Some State Lotteries Are Continuing To Struggle Due To COVID-19

Posted on July 28, 2020 - Last Updated on September 13, 2020

As the coronavirus continues its decimation of the US economy, one industry seeing mixed results is state lotteries. Some are reliant on gambling revenue to fill budget gaps, while others use it to fund special programs like education and veterans affairs.

It’s no surprise that once stay-home-orders were mandated, forcing businesses that sell lottery tickets to close, sales dipped. But as states continue to released revenue data, it has become clear that some are seeing highs and others are seeing lows.

Retail-only lottery states see large revenue decline

For example, according to the Associated Press, Massachusetts saw sales drop a total of 53% from March through May. As a result, the state reported a 5% drop in sales for the fiscal year.

Massachusets lottery sales since March had a:

  • 13% drop in March
  • 30% drop in April
  • 10% drop in May 

“This pandemic has dramatically exposed the limitations and vulnerabilities of the Lottery’s all-cash, in-person business model,” Massachusetts Treasurer Deborah Goldberg told lawmakers in April.

Because Massachusetts does not have an online lottery, the industry was hit relatively hard. As the pandemic descended upon the East Coast, the state temporarily closed roughly 1,500 locations that sold lottery tickets.

Delaware was in a similar situation. According to state data, lottery sales were off by $40 million due to casino closures.

The decline in revenue also had budgetary implications over on the West Coast. In Oregon, the parks and recreation department was forced to lay off 47 employees and close over a dozen parks. The drop in lottery revenue caused a $22 million projected budget shortfall.

“We got used to the lottery as a constant companion supporting the system,” Chris Havel, a spokesman for the Oregon parks and rec department, told the AP. “It was a gut punch to realize we don’t have the time to react.”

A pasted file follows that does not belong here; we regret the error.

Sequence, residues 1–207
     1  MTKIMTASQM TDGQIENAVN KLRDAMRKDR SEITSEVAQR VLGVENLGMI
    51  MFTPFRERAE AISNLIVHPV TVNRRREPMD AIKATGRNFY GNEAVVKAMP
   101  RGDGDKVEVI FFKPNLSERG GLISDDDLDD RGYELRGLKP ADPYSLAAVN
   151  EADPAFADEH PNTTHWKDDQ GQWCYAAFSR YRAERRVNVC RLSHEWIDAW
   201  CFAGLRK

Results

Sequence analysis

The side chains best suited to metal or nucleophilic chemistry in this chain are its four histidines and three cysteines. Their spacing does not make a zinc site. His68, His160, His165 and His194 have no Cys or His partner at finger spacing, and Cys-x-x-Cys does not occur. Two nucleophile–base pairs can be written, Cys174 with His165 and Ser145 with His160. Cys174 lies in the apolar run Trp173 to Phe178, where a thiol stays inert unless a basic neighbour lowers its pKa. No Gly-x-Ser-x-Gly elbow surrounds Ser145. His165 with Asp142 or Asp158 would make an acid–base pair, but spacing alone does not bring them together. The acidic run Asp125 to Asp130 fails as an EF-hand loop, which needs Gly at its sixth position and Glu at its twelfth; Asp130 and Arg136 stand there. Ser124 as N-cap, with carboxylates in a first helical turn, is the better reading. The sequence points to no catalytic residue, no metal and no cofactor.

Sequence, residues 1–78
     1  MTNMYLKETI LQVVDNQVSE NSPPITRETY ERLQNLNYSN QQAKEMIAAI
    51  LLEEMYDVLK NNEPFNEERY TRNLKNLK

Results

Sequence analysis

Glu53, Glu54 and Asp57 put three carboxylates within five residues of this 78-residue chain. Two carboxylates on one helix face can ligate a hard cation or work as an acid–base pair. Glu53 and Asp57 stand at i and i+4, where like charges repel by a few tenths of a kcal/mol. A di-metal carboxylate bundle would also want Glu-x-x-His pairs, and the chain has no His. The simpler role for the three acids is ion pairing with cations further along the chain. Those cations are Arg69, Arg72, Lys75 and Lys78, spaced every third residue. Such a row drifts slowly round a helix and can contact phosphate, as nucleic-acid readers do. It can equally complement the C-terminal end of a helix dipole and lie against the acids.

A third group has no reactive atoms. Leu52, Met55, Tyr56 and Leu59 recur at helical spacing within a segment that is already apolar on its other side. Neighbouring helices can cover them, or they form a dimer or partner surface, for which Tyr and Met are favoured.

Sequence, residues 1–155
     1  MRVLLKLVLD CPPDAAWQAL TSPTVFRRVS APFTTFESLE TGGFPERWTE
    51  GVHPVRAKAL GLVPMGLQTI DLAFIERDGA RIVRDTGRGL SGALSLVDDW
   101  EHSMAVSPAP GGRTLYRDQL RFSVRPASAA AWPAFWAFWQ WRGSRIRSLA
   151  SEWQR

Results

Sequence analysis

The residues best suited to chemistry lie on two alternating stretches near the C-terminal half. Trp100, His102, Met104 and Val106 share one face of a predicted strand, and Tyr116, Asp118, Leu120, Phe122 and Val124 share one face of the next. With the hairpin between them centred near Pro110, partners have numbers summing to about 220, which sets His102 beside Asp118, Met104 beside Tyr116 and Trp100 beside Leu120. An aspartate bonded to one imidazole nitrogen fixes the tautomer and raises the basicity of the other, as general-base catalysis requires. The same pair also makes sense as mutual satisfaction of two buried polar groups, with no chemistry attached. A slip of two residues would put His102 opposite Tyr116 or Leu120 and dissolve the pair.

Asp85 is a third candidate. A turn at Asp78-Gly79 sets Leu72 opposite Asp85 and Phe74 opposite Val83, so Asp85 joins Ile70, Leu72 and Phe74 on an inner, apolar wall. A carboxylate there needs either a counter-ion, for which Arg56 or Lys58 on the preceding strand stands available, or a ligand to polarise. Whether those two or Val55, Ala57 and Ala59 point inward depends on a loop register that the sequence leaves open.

Not all state lotteries are seeing shortfalls

While some states’ lottery revenues were crippled by the coronavirus, Texas, Arkansas and Montana saw the opposite effect. In those states, sales increased as residents dumped their money into scratch-off tickets.

Texas reported that its lottery sales increased by more than $155 million. According to Gary Grief, executive director of the Texas Lottery Commission, scratch-off tickets played a significant role in the increase. With 20,000 retail locations deemed essential businesses, ticket sales increased 10% over the last fiscal year and 22% over sales from 2018.

Up in Montana, the state reported similar results. Lottery sales increased upward of $16 million, much of it due to — surprise — scratch-off tickets.

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A look at state lotteries across the US

An overall view of the US lottery landscape shows that only five states, Alabama, Alaska, Hawaii, Utah and Nevada, do not have some form of a state lottery. But while traditional lottery games like PowerBall and Mega Millions have been around for a few years, the rest of the industry has failed to catch up to modernized gaming.

Of the 45 states with lotteries, only six have an online lottery:

  • Georgia — GA online lottery
  • Illinois — IL online lottery
  • Kentucky — KY online lottery
  • Michigan — MI online lottery
  • New Hampshire — NH online lottery
  • Pennsylvania — PA online lottery

With an industry so dependent on customers going to physical locations, hopefully more states can look at online lottery games as an alternative. Last year, online lottery legislation was introduced in Connecticut, Hawaii, New Jersey and Massachusets. Unfortunately, none of the bills were passed.

Nicholaus Garcia Avatar
Written by
Nicholaus Garcia

Nick has had stints in Chicago, writing about local politics, and in Washington, D.C., covering the expanding gambling industry. Now back in Chicago, he continues to write about the emerging sports betting market with a focus on the Midwest. Originally from West Texas, he graduated from Texas Tech University and completed his master's degree in journalism at Columbia College Chicago.

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